As mentioned last week, Robert Webber divides the Church calendar into two sections: the “cycle of light” and the “cycle of life.” (See Robert Webber, Ancient-Future Time) The cycle of light contains the seasons of Advent, Christmas, and Epiphany – all of which have some aspect of revelation, or “light shining in the darkness,” (John 1:5) aspect to them. The cycle of life is the result of the cycle of light; you could say it is the manifestation of the revelation. Webber notes,Read More »
With the Iowa Caucus coming up tomorrow, the Presidential Election season will effectively go from the pre-season, if you will, to the regular season. I thought I would write an extra post this week to address worship leading and politics.Read More »
If you want your church’s worship to develop and your worship leading to grow, being intentional about your worship is the very first step that you should take. Today, we are going to look at two disciplines that will help us be more intentional about our worship, but first, I want to talk about what it means to “be intentional” about or worship.Read More »
Last week I discussed some things I have learned over the years regarding the journey that is the corporate worship service. This week I would like to continue the conversation and look at larger view of the journey, namely the one through which we walk during the year: the Church calendar.
We live in a world that is run by different calendars: chronological, fiscal, academic. Each month sees the celebration of birthdays, weddings, anniversaries of various kinds, and civic holidays; each month also sees the remembering of those who have passed, the recalling of demarcating events in history, both good and bad. Interwoven in all of this is the Church calendar.Read More »
Preparation and execution are essential to effective worship leading. Part of preparing and executing well is having a timeline to complete tasks, as they need to be done. Worship leading is no different. Worship leaders ought to have a timeline for when tasks need to be completed.Read More »
Last week I shared about my first experience leading a worship service. This week I want to turn our attention to a few specific things of the many I have encountered and learned in the intervening years. I am couching them as the “journeys in worship”: things that can, to paraphrase The Last Battle by C.S. Lewis, lead us “further up and further in” to a relationship with God and his Church. These journeys not only lead the congregation on a “journey within a journey” (i.e. the Christian faith), they also ask the Church to live within a constant rhythm of God’s loving, salvific story.Read More »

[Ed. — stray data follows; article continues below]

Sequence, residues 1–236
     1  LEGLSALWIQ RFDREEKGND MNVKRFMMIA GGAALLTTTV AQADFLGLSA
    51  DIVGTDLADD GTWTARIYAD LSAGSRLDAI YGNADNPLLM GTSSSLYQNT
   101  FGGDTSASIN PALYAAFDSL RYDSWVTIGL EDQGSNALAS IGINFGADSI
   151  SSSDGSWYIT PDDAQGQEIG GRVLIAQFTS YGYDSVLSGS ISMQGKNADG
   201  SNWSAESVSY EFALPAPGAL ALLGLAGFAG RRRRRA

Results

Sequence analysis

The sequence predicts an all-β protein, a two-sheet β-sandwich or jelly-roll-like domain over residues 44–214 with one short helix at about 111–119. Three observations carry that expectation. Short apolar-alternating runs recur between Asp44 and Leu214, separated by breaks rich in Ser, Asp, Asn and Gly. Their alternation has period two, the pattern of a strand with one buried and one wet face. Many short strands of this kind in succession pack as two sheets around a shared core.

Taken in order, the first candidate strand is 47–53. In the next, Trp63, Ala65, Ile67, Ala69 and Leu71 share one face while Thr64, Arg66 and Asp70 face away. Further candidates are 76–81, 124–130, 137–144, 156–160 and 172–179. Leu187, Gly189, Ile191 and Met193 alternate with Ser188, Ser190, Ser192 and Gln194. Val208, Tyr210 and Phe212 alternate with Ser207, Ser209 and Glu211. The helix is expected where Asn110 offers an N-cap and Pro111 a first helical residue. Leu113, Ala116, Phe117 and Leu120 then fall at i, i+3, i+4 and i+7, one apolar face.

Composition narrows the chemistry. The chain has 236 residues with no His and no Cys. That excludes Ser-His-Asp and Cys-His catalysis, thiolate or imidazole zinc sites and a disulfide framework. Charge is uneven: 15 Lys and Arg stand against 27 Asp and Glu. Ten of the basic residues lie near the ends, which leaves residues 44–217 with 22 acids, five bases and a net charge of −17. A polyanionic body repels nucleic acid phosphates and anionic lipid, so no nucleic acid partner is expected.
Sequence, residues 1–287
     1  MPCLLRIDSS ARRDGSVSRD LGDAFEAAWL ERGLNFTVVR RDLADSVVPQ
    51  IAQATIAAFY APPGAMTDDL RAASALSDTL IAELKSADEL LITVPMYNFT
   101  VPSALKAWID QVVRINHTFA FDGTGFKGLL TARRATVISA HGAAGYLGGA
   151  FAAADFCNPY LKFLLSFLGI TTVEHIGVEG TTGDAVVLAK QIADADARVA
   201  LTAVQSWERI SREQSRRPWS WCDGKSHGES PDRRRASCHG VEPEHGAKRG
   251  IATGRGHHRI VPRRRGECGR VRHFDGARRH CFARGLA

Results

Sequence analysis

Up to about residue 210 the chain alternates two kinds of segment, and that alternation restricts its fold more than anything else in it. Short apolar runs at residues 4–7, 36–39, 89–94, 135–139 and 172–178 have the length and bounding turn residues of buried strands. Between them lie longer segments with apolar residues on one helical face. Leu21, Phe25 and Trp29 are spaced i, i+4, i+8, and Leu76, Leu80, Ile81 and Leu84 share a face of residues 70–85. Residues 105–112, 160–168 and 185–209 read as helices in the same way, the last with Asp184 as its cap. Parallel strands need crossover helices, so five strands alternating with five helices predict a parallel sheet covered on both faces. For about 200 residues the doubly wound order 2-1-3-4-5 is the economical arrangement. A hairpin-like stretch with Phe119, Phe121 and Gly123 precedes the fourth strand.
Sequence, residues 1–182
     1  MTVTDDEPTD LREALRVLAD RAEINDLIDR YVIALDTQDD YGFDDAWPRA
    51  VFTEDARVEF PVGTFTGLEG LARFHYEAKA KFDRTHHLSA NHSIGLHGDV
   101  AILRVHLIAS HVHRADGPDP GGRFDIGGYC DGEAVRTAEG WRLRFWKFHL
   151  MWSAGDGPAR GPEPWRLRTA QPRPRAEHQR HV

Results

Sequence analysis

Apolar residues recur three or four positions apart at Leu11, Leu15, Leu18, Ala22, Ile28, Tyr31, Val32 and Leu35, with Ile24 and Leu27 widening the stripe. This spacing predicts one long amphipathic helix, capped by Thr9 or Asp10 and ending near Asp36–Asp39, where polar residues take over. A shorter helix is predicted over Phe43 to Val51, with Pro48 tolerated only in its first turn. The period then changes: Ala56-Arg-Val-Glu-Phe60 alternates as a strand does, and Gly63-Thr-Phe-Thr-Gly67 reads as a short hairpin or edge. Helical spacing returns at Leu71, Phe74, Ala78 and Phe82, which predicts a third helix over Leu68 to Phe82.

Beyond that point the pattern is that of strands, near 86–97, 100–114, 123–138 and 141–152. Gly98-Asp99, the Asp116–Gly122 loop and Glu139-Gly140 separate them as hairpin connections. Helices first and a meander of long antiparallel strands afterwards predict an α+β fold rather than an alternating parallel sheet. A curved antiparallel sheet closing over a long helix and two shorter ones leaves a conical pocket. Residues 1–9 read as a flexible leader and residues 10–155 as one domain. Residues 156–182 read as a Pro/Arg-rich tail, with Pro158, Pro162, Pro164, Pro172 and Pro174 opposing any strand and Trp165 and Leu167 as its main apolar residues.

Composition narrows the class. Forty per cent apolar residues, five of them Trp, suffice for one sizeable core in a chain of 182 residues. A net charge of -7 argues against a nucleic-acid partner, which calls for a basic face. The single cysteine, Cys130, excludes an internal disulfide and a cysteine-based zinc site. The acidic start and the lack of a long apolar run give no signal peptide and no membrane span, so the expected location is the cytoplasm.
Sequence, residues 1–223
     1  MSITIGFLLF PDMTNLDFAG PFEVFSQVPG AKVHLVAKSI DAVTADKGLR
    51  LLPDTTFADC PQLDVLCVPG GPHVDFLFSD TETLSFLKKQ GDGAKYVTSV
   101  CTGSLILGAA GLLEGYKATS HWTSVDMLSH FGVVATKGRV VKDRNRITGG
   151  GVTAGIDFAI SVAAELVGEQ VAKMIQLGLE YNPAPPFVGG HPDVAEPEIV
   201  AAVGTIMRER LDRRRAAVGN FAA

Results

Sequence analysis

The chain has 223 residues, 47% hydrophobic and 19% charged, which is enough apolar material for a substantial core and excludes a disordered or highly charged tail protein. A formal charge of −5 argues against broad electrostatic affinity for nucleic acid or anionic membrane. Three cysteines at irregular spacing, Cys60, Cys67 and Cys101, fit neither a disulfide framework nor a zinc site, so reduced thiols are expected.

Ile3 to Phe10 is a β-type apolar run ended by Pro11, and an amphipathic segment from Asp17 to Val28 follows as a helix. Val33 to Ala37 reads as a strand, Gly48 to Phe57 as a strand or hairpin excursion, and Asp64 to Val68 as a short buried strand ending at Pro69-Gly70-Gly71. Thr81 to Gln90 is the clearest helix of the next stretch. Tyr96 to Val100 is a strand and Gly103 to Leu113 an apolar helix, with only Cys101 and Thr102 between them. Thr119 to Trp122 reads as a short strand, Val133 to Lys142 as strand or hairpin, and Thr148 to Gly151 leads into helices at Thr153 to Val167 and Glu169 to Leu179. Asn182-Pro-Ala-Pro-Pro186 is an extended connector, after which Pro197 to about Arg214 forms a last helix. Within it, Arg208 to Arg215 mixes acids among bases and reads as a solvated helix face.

When it comes to the art of selecting worship songs, everyone has a rooted opinion. Most of the time we are quick to disregard someone else’s opinion because it does not coincide with ours. So how do we select worship songs if everyone has a different opinion?
The key is to find a barometer that goes beyond each individual’s personal preference. Read More »
Hello! My name is Ryan Mackey. I am a new contributor to TalkingWorship.com. I am very excited and honored to share life with the TW community. For my first post I want to share how I began leading congregational singing:
My first time leading a worship service was my junior year in college. Even though I’d been part of my church’s music team since I was in high school I had not led. At this college there was a Wednesday morning chapel service and a small Sunday evening worship service in a multi-purpose room/black box theatre; shortly after the semester started I began playing rhythm guitar and singing harmony in the small worship team. Read More »
When we hear the title “Worship Leader”, many of us immediately picture a musician leading us in song during our Sunday morning worship. This is a fair, yet incomplete picture, of the worship leader. Certainly song plays a large part in the role of being a worship leader, but by no means does song encompass everything a worship leader does on a Sunday morning.Read More »
Star Wars has burst back into the cinematic scene with J.J. Abrams directing Star Wars VII: The Force Awakens. When I think of Star Wars, I recall one of my favorite scenes featuring Luke Skywalker and Darth Vader. As Darth Vader attempts to seduce Luke to the Dark Side of the Force, George Lucas captures Luke’s inner struggle with some unique imagery. As Luke hides from Darth Vader, we see red light, representing the Dark Side, on one side of Luke’s face, and blue light, representing the Light Side, on the other side of Luke’s face.Read More »